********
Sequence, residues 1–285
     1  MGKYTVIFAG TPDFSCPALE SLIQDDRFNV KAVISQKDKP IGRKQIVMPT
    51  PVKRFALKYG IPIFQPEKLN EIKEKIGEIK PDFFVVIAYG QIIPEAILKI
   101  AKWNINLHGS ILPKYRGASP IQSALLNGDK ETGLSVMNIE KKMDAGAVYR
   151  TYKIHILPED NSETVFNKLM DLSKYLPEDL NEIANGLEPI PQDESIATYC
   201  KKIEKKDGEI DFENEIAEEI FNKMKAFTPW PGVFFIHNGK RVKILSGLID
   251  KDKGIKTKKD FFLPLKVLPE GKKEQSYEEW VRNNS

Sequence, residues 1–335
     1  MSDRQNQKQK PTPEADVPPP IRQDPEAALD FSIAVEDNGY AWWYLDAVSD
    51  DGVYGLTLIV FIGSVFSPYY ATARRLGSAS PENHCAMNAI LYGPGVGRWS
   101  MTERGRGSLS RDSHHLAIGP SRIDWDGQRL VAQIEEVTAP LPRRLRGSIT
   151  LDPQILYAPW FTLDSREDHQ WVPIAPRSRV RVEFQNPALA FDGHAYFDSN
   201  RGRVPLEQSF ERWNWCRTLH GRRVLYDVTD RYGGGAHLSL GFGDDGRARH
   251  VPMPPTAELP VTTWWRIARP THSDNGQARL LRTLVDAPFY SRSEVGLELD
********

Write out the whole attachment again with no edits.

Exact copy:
Sequence, residues 1–285
     1  MGKYTVIFAG TPDFSCPALE SLIQDDRFNV KAVISQKDKP IGRKQIVMPT
    51  PVKRFALKYG IPIFQPEKLN EIKEKIGEIK PDFFVVIAYG QIIPEAILKI
   101  AKWNINLHGS ILPKYRGASP IQSALLNGDK ETGLSVMNIE KKMDAGAVYR
   151  TYKIHILPED NSETVFNKLM DLSKYLPEDL NEIANGLEPI PQDESIATYC
   201  KKIEKKDGEI DFENEIAEEI FNKMKAFTPW PGVFFIHNGK RVKILSGLID
   251  KDKGIKTKKD FFLPLKVLPE GKKEQSYEEW VRNNS

Sequence, residues 1–335
     1  MSDRQNQKQK PTPEADVPPP IRQDPEAALD FSIAVEDNGY AWWYLDAVSD
    51  DGVYGLTLIV FIGSVFSPYY ATARRLGSAS PENHCAMNAI LYGPGVGRWS
   101  MTERGRGSLS RDSHHLAIGP SRIDWDGQRL VAQIEEVTAP LPRRLRGSIT
   151  LDPQILYAPW FTLDSREDHQ WVPIAPRSRV RVEFQNPALA FDGHAYFDSN
   201  RGRVPLEQSF ERWNWCRTLH GRRVLYDVTD RYGGGAHLSL GFGDDGRARH
   251  VPMPPTAELP VTTWWRIARP THSDNGQARL LRTLVDAPFY SRSEVGLELD